Also the following: “The party of the second part agrees to have at least 500,000 feet in pile by the last day of June, 1901, and not less than 1,000,000 feet in pile by the 31st day of July, 1901. The balance of which must be put in pile as fast as can be done by the party of the second part."

Also the following, in connection with the last provision quoted: “The party of the second part agrees that the amount of the year's cut will not be less than 2,000,000 feet, and as much more as the party of the second part can furnish."

(2) June 19, 1902, W. E. Kelley & Co., by an instrument in writing, assigned this contract, with others, to said Alfred Vanhorn, and agreed therein to loan him $2,000 to enable him to prosecute the business of shipping and selling the product of the contracts, and Vanhorn agreed "to hold sacred the proceeds of this business for the operating of same and the paying of these obligations," and further :

"It is understood and agreed that Alfred Vanborn will prosecute with the ut. most diligence the completion of these contracts and wind up this business at the earliest possible moment, and that he will not enter into any other contracts or enterprises which might prevent him from doing so, until the completion of this contract in all its features."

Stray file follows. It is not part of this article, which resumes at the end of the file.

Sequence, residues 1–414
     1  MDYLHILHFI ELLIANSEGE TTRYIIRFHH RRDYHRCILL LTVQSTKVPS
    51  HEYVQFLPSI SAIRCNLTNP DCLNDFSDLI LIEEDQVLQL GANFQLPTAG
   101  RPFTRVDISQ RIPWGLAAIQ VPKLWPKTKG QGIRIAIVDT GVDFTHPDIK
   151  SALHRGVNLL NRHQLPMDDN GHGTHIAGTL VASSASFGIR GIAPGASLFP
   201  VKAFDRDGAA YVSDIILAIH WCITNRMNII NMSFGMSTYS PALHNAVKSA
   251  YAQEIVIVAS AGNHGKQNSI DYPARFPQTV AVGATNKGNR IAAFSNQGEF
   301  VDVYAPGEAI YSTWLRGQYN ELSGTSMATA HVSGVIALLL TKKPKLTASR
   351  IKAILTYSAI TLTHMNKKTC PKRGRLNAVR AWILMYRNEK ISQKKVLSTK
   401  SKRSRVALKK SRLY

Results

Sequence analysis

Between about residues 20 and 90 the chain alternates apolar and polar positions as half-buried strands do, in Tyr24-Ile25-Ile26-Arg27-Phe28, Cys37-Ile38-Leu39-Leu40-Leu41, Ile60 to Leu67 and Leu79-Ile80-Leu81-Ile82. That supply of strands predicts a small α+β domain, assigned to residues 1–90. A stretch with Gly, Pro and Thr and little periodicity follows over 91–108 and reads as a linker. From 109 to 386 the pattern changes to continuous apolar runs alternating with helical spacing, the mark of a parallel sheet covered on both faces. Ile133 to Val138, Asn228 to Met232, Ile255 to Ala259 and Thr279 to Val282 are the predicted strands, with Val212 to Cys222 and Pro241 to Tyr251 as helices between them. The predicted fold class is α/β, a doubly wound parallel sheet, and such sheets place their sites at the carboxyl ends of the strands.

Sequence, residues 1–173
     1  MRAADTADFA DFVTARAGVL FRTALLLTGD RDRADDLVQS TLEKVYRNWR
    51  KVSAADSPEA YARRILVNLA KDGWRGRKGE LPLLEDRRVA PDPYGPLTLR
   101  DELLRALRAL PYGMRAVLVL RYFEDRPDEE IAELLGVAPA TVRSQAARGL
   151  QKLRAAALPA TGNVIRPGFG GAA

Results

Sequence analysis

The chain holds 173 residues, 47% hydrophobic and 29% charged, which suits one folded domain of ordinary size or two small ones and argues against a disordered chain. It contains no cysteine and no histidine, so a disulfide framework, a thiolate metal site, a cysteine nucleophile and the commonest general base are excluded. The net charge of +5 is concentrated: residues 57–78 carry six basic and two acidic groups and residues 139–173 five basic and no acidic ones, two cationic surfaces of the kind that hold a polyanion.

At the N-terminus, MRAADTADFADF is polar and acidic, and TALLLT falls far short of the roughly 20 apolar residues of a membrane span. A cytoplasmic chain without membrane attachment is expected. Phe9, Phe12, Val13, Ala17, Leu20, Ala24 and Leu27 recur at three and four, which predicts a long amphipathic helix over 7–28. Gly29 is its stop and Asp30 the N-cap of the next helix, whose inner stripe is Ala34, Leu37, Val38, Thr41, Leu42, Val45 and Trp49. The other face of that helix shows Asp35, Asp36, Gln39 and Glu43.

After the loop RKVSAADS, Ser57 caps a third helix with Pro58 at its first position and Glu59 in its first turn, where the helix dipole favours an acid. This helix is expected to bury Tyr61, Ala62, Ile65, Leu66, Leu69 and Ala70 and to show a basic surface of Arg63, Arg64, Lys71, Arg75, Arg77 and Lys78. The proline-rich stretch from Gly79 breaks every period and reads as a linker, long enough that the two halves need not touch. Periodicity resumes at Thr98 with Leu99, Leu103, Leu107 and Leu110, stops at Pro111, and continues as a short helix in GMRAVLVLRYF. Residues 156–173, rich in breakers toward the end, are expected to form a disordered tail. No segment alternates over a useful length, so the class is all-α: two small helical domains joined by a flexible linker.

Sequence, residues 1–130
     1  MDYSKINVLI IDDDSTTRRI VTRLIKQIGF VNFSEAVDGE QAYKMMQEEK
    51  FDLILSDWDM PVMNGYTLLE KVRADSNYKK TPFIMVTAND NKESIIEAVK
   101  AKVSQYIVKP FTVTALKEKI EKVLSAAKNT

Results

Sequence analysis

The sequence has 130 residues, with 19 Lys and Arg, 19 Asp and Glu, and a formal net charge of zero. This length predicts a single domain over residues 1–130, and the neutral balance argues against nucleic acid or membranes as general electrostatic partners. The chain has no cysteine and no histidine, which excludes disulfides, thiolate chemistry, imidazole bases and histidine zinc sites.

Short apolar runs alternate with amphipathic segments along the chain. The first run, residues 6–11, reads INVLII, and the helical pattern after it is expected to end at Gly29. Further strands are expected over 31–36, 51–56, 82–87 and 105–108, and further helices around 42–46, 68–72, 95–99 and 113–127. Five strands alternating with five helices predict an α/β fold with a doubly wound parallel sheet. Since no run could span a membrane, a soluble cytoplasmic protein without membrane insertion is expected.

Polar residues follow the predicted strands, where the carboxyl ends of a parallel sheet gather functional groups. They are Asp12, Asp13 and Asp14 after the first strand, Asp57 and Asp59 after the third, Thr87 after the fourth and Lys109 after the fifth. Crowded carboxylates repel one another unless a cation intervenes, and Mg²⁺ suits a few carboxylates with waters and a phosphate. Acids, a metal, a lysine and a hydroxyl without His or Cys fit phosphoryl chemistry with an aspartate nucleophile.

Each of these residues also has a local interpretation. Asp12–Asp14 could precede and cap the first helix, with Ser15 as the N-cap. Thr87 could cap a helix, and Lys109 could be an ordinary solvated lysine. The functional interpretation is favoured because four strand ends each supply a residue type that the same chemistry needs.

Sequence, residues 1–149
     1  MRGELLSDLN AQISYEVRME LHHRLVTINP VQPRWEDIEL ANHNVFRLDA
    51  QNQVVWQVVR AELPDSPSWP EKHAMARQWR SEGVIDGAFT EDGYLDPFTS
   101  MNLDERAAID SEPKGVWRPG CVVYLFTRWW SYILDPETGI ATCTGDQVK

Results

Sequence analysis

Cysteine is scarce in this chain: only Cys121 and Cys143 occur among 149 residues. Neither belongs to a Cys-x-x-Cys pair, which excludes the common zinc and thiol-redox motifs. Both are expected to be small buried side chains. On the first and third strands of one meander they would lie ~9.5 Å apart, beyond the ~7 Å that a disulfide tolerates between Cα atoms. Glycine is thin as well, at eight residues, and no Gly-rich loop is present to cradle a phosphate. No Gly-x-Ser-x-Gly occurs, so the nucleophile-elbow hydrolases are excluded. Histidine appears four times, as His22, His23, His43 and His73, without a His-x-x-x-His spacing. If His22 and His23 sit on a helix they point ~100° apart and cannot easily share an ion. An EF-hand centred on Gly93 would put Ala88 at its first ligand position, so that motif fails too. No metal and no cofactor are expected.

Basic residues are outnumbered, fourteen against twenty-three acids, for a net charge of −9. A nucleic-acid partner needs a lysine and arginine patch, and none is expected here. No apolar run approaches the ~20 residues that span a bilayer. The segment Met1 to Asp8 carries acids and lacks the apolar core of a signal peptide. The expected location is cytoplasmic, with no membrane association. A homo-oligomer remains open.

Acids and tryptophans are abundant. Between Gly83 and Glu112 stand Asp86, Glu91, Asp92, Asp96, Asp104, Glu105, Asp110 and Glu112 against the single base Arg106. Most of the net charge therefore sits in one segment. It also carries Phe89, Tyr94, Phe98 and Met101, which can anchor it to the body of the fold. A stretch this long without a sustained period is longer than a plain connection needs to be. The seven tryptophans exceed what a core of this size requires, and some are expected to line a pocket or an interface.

It was also provided in this assignment as follows: “This contract becomes operative since the first day of April, 1902." (3) Thereupon Kelley & Co. notified the Dunton Lumber Company of such assignment of such contract, but the Dunton Lumber Company expressly refused to assent to such assignment, or to recognize Vanhorn as the owner thereof, or to recognize him as a party or person entitled to demand or enforce its performance. Kelley & Co. thereupon wrote they would guaranty all payments for lumber delivered under the agreement, but the Dunton Lumber Company did not assent to the assignment even then, but gave notice it would only recognize and treat Vanhorn as agent and representative of Kelley & Co. Thereafter Vanhorn procured deliveries of lumber by selecting and having it loaded on the cars and invoiced to certain parties, but the Dunton Lumber Company persisted in its refusal to recognize the assignment, and persisted in treating Kelley & Co. as the principal, and in all cases made out the bills, etc., for the lumber to Kelley & Co., and sent them to that company, which retained them. Vanhorn, however, made payments on such bills or invoices, but the Dunton Lumber Company gave receipts to Kelley & Co. reciting that the money was received from Kelley & Co. "by the hand of A. Vanhorn.” Shortly before July 28, 1902, Vanhorn, who was obtaining the lumber and doing the business for Kelley & Co., as that firm had informed the lumber company he would do, claimed to that company that the contract had been assigned to him, whereupon that company made inquiry by letter, and in reply Kelley & Co. said: